Airlines have managed to cut down levels of online fraud by 31% over the past two years, although an estimated $1.4 billion is still being lost annually.
The good news is revealed in the latest annual airline web fraud report from US-based payment management firm Cybersource, a division of Visa, with a substantial drop in recorded incidences of online fraud between 2008 and 2010.
Cybersource says the decrease is due to more airlines implementing fraud detection systems and simply rejecting more bookings due to suspicious payment methods.
Airlines with less than three years of online selling experience have higher rates of fraud than their older counterparts, Cybersource says, with manual reviewing of payments accounting for just 15% of bookings for airlines selling online for ten years or more, compared to 53% for those under three years.
Cybersource, which interviewed 142 airlines to assist in compiling the report, reckons airlines are missing out on using a "powrrful anti-fraud tool": public record searches.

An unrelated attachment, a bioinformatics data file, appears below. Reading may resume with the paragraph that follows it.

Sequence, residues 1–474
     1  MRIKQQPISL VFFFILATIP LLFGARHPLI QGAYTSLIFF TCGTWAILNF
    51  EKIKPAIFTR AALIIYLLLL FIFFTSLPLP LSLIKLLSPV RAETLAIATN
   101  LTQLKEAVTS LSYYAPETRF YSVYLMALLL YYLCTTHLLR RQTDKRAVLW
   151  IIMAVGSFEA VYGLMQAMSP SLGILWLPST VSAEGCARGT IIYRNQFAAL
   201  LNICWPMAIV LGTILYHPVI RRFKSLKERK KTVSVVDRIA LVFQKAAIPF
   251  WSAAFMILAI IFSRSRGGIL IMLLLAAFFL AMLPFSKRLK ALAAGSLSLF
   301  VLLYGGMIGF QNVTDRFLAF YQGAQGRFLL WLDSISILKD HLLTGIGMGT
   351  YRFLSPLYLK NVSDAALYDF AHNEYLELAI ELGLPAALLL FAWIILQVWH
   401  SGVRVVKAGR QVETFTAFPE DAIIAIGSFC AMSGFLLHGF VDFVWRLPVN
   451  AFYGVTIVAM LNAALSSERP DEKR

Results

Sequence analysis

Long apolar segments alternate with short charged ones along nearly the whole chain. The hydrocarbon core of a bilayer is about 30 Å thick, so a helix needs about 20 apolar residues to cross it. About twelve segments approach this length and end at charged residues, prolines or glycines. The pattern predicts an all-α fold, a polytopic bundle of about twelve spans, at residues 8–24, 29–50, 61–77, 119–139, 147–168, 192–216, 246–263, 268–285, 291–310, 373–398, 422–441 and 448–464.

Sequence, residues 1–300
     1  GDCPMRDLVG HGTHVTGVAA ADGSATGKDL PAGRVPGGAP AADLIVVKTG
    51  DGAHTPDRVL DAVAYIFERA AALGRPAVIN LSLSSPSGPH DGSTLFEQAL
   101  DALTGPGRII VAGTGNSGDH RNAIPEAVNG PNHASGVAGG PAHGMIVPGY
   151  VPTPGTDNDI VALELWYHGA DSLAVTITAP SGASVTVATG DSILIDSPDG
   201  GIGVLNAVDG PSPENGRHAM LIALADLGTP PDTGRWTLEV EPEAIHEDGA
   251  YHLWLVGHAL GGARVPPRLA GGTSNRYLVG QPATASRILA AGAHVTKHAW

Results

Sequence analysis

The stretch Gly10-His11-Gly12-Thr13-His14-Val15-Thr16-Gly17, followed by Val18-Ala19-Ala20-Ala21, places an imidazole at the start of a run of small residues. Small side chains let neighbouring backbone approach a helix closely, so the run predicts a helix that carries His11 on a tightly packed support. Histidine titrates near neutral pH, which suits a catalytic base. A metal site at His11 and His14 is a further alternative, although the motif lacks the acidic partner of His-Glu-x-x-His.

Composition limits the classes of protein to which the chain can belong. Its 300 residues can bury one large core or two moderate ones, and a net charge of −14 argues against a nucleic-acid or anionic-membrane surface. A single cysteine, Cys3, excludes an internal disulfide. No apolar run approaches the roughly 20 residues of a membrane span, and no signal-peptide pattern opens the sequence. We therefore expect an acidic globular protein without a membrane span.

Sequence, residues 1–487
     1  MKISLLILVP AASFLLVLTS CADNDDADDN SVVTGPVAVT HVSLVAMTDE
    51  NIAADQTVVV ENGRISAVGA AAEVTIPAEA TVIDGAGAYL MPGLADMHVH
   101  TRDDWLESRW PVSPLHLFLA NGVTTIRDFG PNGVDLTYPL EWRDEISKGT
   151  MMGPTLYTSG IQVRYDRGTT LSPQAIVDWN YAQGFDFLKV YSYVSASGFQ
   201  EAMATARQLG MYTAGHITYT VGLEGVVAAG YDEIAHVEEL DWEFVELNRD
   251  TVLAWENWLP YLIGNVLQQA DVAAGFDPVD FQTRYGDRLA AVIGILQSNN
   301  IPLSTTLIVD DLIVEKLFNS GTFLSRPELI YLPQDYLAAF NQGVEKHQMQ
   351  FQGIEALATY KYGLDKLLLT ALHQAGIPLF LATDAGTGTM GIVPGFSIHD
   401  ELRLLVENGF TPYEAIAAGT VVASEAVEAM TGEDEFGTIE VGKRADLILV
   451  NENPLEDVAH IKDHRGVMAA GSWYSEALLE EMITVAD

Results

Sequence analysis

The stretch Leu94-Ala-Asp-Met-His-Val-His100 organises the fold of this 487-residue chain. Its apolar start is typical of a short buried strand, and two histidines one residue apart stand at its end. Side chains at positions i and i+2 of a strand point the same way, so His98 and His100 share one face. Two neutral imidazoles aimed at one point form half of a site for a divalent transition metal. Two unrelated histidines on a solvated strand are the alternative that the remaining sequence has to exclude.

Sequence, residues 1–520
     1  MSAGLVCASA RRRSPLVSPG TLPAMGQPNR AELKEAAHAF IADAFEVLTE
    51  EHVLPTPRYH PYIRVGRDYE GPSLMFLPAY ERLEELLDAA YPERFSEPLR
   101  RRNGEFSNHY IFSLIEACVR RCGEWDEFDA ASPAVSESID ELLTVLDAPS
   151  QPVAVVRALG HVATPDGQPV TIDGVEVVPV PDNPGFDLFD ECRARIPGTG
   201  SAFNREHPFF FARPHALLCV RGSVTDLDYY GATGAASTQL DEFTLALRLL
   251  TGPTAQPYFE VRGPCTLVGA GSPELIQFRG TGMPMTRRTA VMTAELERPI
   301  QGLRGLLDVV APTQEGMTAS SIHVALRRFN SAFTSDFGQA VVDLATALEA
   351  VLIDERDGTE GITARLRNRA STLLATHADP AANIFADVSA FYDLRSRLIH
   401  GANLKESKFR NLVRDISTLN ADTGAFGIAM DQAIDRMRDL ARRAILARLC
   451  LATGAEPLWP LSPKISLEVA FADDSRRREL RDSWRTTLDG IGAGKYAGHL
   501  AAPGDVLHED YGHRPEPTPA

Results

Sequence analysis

Only 3% of airlines used this method to validate bookings, but so-called "device fingerprinting" and "third party fraud scoring models" are among the leading tools most airlines currently use.
Christopher Staab, managing partner of Airline Information, Cybersource partner in the report, says:
"Fraudsters will move to the weakest link in the chain. And that weak link is most likely going to be the airlines unfamiliar with how sophisticated fraud can be perpetrated with online ticketing sales. That’s why this type of data is so critical for the airline industry worldwide."